Former USF football coach Jim Leavitt, who was fired by USF on Friday, will meet with university officials today to — by his own words this week — fight for his players and his job.
As part of a special clause in his contract, Leavitt is legally entitled to a post-termination meeting, which will be at 9 a.m. today in the offices of Greenberg Traurig law firm in downtown Tampa, said University spokesman Michael Hoad.
After the meeting, either USF President Judy Genshaft or her designee will have five working days to make a final decision, according to Leavitt’s contract.
Leavitt, standing by attorney Thomas Roebig Jr. at a press conference Monday, vowed to fight for his job and refuted the findings of a university investigation that revealed he grabbed walk-on Joel Miller by the throat and slapped him twice in the face during halftime of a game against Louisville on Nov. 21, saying the allegations have been “misreported.”
The post-termination meeting was a request from Leavitt at the time he signed his seven-year, $12.6 million contract. He was entering the third year of his contract. Hoad said USF employees are rarely given such a meeting after they’ve been fired.
“What tends to happen when you’re recruiting (a football coach) is they have requests of things they put in the contract — either he or his attorneys,” Hoad said. “So this had to be something that they wanted to put in the contract.
Attending the meeting will be Leavitt, Roebig, Tampa attorney Richard McCrea Jr., who USF hired to handle the case, and Provost Ralph Wilcox, who was designated by Genshaft, Hoad said.
USF wanted to have the meeting Monday. However, Roebig and Leavitt fought to have it pushed back, saying it was “unfair” on such short notice until they could review all the evidence and analyze USF’s investigation report, which Roebig questioned Monday.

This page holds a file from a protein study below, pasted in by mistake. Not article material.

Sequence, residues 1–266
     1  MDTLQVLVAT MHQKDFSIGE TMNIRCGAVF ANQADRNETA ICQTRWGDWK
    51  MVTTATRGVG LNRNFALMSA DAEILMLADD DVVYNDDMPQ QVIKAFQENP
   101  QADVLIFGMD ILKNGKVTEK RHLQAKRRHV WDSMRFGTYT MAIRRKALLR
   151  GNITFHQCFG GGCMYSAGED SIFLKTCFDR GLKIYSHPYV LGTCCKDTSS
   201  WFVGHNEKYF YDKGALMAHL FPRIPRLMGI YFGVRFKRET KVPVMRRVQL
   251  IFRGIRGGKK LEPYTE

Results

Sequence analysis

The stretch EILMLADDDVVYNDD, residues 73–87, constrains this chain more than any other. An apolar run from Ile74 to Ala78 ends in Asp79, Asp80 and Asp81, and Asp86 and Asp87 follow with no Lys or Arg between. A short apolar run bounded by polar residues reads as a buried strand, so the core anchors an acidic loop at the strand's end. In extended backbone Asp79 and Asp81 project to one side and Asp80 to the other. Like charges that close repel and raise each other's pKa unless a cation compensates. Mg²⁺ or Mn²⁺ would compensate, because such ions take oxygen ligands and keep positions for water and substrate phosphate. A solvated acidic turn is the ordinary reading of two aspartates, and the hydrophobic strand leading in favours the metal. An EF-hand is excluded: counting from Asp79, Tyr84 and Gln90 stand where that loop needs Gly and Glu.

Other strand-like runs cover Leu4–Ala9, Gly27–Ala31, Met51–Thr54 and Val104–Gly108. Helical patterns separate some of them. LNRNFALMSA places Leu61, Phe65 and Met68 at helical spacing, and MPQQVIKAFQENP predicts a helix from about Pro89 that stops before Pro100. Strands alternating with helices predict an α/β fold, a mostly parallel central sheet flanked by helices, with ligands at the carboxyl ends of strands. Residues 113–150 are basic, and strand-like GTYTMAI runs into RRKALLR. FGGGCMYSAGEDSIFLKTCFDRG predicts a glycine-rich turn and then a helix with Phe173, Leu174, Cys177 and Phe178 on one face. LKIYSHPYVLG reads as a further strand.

“Even if you take (the report) for what it is, the greater weight of that evidence supports coach Leavitt,” Roebig said. “This episode is not as it has been portrayed to be. Some of those witnesses include a Florida state trooper. It includes (strength) coach (Ron) McKeefery who was standing three feet away, and others, who said this was not as it was portrayed to be.”
Hoad said USF will listen to what Roebig questions in the report, which included 29 people interviewed and concluded that Leavitt did hit Miller — though both Leavitt and Miller denied it — and that he lied and tried to cover it up. The report says witness accounts contradict the story Leavitt told.
“The real question is will (Leavitt) have compelling evidence to change the findings of the report,” Hoad said.
USF fired Leavitt with cause, meaning he would only be paid one month’s base salary, or $66,667. He was scheduled to make $800,000 this year.
Leavitt would have been paid 75 percent of his remaining contract, or $7.1 million, had he been fired without cause. He said Monday that the situation had nothing to do with seeking a monetary settlement with USF.
“I came here for $65,000 a year. I made $95,000 a year at Kansas State. It has never been about money.” Leavitt said. “I’ve been offered jobs for a lot more money … Why did I do that? Because this is the best place for Jim Leavitt.”
Meanwhile, multiple reports surfaced Tuesday that East Carolina coach Skip Holtz has been contacted by USF as a possible replacement, and Holtz said at the national coaches’ convention in Orlando that he’s interested. USF could not confirm any discussions, and ECU’s athletics department issued a no comment when reached by The Oracle.
Holtz, who has won back-to-back Conference USA titles, signed a six-year contract in 2008 with a buyout clause of only $100,000.